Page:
Risk identification

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Risk identification

Leadership in patient safetyPressure ulcers can develop in a short period of time so it is essential that the risk factors associated with pressure ulcers are understood. A person may be at risk of a pressure ulcer developing if one or more elements exist.

These elements are:

  • incontinence
  • lmited mobility (unable to reposition themselves)
  • poor nutritional (hydration) status, and
  • skin is in continuous contact with a surface that does not assist with pressure area relief.

Once a person has been identified as at risk of developing a pressure ulcer (or who has a pressure ulcer), use a system which enables staff to easily see who is at risk. For example utilise ‘at risk’ cards in notes, visual cues at bed area/on door/name boards, share information at staff handovers, safety briefings, etc.

Using a system which makes it easy for staff to identify quickly who is at risk of developing a pressure ulcer, will assist staff to focus their efforts on who needs pressure ulcer prevention care.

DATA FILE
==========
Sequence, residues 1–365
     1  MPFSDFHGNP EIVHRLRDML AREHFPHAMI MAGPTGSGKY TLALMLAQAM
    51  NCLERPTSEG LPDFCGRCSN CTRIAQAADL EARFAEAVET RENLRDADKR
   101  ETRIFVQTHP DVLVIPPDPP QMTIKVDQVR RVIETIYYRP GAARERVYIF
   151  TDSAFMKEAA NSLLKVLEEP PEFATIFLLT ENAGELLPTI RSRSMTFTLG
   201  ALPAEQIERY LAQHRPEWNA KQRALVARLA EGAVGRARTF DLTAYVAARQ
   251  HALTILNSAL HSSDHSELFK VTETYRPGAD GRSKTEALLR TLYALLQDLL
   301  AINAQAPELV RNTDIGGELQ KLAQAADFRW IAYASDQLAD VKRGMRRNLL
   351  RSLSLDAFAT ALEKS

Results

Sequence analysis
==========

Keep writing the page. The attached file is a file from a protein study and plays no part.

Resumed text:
Patient empowermentIt is a good idea that staff and patients/residents are involved in the development of such a system, as it is more likely to be accepted.

We know from our testing of visual cues, that staff have asked patients/residents and their relatives for their thoughts when developing a risk identification system. Various cues have been tested, including pictures of feathers, puppies, and small human figures.


What’s the difference between pressure ulcers and tissue viability?

"Tissue viability is a growing speciality that primarily considers all aspects of skin and soft tissue wounds including acute surgical wounds, pressure ulcers and all forms of leg ulceration." - (Tissue Viability Society 2009).

"Pressure ulcers are an injury that breaks down the skin and underlying tissue. They are caused when an area of skin is placed under pressure. They are sometimes known as 'bedsores' or 'pressure sores'." - (with thanks to NHS Choices).

Scottish Patient Safety Indicator

Scottish Patient Safety Programme logo

The Scottish Patient Safety Indicator (SPSI) was developed to help reduce the occurrence of specified harms, including pressure ulcers. Discover more on the Scottish Patient Safety Programme website.